Thinking about it in very general terms, one of the things that all of us in golf talk about on a constant basis is what the game of golf is. We all know it’s the game of a lifetime, so you can be a little kid to days away from kicking the bucket, so to speak, and you can play golf. It’s a game that through the handicapping system allows players of varying skill levels to play on an equitable basis. Not many other sports are like that. I think that this coronavirus has given us a great opportunity for people that never played the game, or people that did play it that lapsed from it and came back, or families to recreate and socialize together and do it safely. We went from really utter chaos in March and April — golf courses being closed, golf equipment manufacturers furloughing employees, laying off employees, shuttering plants — to now it’s booming. And it’s only been a few months that that’s happened.
What’s going to be interesting is can we keep that going? Those new players that came in, those lapsed players, the families, the more women’ playing. All those things are really good, but will it stick? As an industry, we’re really trying to say what can we do to make sure that happens.
Adam Heieck, CEO, Youth on Course
This is arguably the best opportunity the industry has seen to cultivate juniors. Golf is one of the few sports/activities many young people and their parents feel comfortable with and we’re seeing thousands and thousands of families flock to the sport. Those who had played once or twice are playing more frequently and investing in programming and equipment. Golf has become a family activity that can be played late in the day or after school (or perhaps even earlier with distance learning in many states). Youth on Course is seeing record growth (membership up 50%+ this year) as parents are desperate to get their kids outside and active.
As an industry, we have to work together more than ever to sustain interest in the sport. Juniors are playing more, but what will keep them? How welcoming are our facilities, can we rethink the way we introduce juniors and their parents to the game? (Operation 36 has figured this out) If we can create a pathway and easy to understand, accessible information for parents, we can make the growth we’re seeing sustainable rather than a brief uptick.
Steve Harker, CEO, Touchstone Golf
We agree that there is a tremendous opportunity in our industry right now. We believe these latent golfers that we have surveyed for the past few years are picking up the game and finding golf as an oasis during these stir crazy times. These increased customers are right in front of us and the opportunity is there for the taking. The problem lies in the fact that most golf courses are not organized in a way to capture this new found demand. With pre-paid tee times, often made by one member of a foursome, along with masks and social distancing, it is extremely difficult to capture all golfers’ information and make them feel welcome and comfortable; all of which are crucial for customer engagement.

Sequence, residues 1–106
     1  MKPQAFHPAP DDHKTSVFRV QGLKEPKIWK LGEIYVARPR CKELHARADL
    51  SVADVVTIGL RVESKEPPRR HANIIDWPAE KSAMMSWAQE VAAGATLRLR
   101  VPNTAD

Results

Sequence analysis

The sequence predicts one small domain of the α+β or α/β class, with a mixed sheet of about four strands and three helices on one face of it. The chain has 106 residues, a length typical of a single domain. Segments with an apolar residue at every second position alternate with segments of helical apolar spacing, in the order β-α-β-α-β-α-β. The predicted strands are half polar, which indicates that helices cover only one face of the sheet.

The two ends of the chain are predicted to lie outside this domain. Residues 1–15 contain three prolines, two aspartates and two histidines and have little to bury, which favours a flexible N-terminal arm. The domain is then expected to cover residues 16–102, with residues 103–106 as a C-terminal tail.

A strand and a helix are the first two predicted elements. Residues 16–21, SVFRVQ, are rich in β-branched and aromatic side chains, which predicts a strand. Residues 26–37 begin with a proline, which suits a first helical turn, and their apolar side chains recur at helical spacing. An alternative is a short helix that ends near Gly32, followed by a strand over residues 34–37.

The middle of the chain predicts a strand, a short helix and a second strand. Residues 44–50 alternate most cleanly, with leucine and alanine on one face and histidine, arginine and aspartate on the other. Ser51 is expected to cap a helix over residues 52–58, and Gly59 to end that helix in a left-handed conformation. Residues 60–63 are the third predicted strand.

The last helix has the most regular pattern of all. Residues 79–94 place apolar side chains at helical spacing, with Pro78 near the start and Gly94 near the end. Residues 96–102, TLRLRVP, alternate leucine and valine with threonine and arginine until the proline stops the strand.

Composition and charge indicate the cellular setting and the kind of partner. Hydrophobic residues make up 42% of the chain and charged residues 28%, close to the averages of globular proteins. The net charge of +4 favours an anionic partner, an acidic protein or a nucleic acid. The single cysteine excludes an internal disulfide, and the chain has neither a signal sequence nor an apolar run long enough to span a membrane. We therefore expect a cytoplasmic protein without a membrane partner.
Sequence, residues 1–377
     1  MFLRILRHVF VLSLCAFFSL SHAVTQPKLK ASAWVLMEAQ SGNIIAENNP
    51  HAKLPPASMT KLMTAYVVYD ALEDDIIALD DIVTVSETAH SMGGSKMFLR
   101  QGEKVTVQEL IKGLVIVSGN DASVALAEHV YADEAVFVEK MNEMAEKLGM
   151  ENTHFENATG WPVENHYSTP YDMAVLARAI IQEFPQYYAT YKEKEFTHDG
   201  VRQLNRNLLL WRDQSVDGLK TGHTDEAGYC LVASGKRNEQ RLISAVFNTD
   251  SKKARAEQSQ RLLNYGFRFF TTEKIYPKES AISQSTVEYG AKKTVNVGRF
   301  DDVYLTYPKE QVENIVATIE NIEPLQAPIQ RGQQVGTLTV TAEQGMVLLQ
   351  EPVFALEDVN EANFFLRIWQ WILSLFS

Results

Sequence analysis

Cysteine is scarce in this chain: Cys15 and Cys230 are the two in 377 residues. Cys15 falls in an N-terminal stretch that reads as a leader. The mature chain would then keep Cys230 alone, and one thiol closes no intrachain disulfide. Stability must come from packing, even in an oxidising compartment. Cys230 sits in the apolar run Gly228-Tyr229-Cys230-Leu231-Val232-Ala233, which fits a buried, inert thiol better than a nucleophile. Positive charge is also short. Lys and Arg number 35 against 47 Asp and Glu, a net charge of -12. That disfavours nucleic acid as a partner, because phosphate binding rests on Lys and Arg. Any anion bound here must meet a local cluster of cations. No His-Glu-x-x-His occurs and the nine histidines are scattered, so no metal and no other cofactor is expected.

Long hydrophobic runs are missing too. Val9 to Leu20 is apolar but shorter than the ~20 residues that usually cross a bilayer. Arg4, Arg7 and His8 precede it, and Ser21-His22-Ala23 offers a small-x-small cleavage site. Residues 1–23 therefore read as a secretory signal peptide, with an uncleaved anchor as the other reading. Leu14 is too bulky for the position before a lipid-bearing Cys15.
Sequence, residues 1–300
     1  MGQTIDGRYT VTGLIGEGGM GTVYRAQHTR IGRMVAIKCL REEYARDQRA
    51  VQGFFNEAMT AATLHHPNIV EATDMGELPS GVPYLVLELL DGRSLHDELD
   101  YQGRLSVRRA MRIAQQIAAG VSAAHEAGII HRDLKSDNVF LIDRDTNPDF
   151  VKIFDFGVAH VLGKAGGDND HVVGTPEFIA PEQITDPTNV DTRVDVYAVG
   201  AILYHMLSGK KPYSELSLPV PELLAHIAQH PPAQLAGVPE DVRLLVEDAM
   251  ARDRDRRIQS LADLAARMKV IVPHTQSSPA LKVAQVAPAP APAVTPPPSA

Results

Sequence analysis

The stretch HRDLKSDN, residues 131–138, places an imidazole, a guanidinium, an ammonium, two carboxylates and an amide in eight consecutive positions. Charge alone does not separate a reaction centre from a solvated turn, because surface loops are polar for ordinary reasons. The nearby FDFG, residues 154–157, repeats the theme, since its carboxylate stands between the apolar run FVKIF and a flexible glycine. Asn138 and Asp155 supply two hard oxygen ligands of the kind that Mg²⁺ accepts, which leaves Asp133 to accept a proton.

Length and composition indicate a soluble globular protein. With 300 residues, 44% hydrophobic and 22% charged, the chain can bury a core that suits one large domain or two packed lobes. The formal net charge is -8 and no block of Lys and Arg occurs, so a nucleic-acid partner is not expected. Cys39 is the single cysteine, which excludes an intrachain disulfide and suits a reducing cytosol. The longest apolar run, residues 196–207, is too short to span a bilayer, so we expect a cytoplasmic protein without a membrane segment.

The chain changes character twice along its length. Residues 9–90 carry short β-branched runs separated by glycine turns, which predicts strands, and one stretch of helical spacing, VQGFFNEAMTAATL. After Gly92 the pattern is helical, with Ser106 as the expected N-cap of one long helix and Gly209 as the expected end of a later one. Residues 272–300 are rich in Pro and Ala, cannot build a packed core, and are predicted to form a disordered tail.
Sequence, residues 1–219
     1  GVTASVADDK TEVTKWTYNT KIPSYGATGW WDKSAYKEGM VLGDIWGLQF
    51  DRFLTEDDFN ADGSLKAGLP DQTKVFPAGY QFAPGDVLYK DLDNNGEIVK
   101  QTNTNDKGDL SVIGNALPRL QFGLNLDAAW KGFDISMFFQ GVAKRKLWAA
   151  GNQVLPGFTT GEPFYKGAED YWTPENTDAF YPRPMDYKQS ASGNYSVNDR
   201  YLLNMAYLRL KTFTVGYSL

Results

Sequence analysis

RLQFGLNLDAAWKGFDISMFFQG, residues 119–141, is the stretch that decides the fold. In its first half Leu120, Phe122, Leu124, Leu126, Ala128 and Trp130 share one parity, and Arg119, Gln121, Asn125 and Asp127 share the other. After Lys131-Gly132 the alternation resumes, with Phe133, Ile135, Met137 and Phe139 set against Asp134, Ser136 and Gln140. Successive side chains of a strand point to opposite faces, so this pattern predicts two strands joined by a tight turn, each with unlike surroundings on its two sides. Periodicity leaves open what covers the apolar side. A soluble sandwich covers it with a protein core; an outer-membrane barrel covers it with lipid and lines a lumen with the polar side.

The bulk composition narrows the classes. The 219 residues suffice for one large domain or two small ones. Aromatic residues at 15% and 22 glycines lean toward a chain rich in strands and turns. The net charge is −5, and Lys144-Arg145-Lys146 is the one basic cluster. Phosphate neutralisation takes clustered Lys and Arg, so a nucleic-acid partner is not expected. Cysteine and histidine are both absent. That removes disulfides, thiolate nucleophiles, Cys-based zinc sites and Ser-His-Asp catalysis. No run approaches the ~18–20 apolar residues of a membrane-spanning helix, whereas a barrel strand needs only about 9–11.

It is crucial that we capture our customer data, especially when they are a new or first time golfer. Then we need to engage with customers in various ways to ensure we communicate to them in the way they want to be communicated to, and make them feel comfortable and competent. We also have to change the way we think and the way we interact with our guests. We are not suggesting we have all the answers but rather that we have to put forth new strategies and tactics to better train and equip our staff and engage with our customers. As an industry we have recognized the value of a reoccurring golf tournament, but we have not realized and acted upon the LIFETIME value of an individual golfer. Now, it is the individual golfers that have proven to yield far greater profits and potential long term growth for the industry and the game. We are now in a fight to retain these new golfers that see the game as a safe fun way to interact with friends, compete, and be outside.
If there is only one thing we know, that is that we have to do things differently. We cannot continue to operate golf courses the same way as a convenience store. We have to change our staff’s behaviors and take the time and energy to engage with every customer as if they were our only stakeholder. At Touchstone our strategy is to create activities, tournaments, leagues and lessons to connect these new golfers to the game. With a broad range of activities our goal is to capture the attention and excitement of each golfer in ways that excite and motivate them with hopes of creating future advocates.